In Scotland we use fresh salmon or finnan haddock, in Cornwall haddock with some white crab meat, and northern folk are cod lovers. With this pie you can add some prawns if you wish and top with potato instead of pastry.

As well as the Salmon Pie, this page also has a recipe for Shrimp Pie from 1823!

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Flaky Organic Scottish Salmon Pie, page 142

Pie Society is out now!


It’s publication day! Exciting stuff!! Tom will be at the Bolton Market today (see previous posts) launching Pie Society with some celebrity friends, some rousing words and … FREE PIES FOR ALL!

We thought hard about which pie we should post here on publication day and eventually decided that we should show off a pie which can be eaten at any time of the day. Eating pie for breakfast is a world apart from your everyday muesli and juice but if Chris Evans & co. say it’s alright then that’s good enough for us! Besides, we can’t think of a better way to follow the old saying about eating breakfast like a king.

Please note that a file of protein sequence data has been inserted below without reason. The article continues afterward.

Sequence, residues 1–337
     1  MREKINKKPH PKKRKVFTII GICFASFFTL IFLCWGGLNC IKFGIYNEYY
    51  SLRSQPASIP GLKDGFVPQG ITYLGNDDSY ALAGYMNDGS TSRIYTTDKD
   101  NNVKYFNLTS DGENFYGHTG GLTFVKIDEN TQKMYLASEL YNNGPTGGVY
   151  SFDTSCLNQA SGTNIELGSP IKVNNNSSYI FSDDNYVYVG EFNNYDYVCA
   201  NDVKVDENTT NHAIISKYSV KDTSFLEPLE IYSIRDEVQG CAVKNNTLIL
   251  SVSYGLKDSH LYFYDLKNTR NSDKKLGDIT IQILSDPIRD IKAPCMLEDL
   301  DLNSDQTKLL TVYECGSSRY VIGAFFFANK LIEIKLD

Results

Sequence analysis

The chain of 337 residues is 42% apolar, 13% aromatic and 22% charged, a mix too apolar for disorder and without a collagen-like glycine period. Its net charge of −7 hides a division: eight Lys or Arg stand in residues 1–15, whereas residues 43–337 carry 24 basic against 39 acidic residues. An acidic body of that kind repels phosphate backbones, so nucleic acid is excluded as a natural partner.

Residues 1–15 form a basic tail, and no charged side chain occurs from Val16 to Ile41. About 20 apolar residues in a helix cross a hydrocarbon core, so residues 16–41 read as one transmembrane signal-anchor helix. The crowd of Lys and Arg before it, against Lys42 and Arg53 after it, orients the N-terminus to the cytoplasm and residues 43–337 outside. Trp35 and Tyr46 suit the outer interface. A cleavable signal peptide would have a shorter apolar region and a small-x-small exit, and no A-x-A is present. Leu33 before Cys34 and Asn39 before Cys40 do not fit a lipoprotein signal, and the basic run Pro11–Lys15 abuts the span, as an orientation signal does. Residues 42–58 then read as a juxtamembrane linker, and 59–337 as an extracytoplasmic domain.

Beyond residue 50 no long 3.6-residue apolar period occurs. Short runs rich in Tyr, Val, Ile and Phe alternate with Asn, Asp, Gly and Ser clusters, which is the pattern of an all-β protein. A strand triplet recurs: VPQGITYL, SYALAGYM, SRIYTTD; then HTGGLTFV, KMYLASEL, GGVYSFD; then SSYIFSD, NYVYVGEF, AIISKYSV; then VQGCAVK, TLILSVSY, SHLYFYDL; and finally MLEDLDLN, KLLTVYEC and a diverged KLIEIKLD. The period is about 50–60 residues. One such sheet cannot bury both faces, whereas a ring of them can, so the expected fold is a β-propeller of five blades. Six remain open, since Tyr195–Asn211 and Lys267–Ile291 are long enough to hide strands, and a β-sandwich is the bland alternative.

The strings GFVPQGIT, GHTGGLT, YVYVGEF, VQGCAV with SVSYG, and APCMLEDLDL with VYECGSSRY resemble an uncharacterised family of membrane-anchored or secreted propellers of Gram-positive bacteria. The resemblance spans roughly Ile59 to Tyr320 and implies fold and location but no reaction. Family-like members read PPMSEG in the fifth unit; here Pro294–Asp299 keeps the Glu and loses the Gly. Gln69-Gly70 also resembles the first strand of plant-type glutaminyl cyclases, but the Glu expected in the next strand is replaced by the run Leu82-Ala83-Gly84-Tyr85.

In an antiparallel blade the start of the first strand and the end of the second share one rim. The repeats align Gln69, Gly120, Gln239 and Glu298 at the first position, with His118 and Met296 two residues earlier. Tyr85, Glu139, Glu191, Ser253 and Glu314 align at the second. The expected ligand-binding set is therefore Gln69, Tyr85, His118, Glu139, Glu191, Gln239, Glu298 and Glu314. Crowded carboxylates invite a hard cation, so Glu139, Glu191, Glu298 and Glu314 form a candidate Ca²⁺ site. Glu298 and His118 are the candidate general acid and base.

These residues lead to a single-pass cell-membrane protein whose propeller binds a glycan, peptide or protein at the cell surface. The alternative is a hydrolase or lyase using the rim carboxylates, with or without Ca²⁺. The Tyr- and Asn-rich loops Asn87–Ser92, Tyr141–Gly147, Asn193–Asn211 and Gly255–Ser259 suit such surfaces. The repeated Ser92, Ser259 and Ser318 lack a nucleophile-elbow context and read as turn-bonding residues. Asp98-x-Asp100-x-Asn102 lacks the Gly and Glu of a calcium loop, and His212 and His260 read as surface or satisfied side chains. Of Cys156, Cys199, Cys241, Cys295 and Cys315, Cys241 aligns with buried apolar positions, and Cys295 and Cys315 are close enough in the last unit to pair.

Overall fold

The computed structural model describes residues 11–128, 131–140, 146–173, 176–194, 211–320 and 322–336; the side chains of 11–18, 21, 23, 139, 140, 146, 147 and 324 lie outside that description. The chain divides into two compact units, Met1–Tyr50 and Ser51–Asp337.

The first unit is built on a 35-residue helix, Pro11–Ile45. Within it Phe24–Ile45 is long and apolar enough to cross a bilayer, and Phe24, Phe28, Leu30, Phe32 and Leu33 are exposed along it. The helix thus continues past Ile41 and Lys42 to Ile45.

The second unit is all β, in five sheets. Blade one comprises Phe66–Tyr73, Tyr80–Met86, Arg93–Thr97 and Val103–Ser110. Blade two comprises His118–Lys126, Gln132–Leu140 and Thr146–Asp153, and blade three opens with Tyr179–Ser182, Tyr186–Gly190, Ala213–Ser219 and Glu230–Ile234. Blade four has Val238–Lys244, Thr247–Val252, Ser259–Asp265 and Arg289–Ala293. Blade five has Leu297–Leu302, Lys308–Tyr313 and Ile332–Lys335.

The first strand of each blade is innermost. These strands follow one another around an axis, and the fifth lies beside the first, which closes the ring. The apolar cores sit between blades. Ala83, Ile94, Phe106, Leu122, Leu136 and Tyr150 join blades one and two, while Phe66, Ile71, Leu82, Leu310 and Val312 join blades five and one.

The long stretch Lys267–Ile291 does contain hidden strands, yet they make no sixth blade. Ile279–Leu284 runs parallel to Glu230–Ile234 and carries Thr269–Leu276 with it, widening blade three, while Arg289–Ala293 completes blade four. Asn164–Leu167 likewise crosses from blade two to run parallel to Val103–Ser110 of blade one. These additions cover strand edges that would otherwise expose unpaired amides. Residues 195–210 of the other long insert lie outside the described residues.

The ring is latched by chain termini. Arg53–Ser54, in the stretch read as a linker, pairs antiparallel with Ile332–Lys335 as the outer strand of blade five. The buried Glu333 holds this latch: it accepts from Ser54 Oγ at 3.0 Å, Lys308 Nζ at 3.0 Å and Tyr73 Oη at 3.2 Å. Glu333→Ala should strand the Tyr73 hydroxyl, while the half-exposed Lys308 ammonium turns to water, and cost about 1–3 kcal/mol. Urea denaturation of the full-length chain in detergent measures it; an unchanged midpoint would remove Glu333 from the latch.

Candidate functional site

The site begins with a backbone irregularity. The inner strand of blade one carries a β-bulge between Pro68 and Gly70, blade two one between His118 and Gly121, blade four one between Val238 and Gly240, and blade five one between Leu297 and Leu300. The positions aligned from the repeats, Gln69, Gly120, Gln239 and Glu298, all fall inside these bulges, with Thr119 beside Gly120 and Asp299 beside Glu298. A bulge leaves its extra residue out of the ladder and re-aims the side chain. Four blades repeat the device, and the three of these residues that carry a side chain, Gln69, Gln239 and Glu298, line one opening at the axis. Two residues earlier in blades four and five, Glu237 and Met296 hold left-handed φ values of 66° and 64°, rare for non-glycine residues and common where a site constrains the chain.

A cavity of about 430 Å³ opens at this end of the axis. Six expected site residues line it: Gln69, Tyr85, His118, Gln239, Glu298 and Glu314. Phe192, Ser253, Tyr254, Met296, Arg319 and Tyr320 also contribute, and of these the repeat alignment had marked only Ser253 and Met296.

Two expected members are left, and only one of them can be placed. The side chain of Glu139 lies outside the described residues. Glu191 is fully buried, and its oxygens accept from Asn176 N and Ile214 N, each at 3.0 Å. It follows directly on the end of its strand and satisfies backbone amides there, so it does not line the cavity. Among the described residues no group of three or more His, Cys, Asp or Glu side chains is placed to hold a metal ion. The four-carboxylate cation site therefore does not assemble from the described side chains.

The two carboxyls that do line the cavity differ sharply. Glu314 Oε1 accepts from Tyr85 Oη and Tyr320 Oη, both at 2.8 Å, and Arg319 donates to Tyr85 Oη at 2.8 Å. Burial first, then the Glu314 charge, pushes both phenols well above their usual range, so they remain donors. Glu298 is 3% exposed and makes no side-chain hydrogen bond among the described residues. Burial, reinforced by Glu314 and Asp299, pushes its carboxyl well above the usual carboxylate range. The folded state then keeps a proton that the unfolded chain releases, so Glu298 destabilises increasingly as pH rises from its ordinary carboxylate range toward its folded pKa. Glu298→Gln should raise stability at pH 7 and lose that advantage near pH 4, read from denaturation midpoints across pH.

This pie is always being requested by friends and family and makes an ideal lunch snack. I came up with the idea on the Big Breakfast Show with Chris Evans, when I had huge quantities of bacon, sausage, black pudding and eggs which I decided could be used to make a mega pie for all the programme folk later in the day. They loved it, and a breakfast pie was born!

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All Day Breakfast Pie, page 131

Game Pie … an evocative dish indeed for this time of year. With the game season well under way we thought we’d offer all you pie-lovers a delicious excuse to buy up that game you’ve been ogling in the local butcher’s window!

Today you can buy, the complete mix of game meat from superstores and your butcher, they stock it fresh and frozen and is not difficult at all to purchase. Although game pie is traditionally made with puff pastry I like to use my shortcrust pastry instead, using leftover bits for decoration.

As Tom says, why not turn on a bit of the old artistic flair and decorate the pie with an autumnal leafy theme?

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Traditional Game Pie, page 120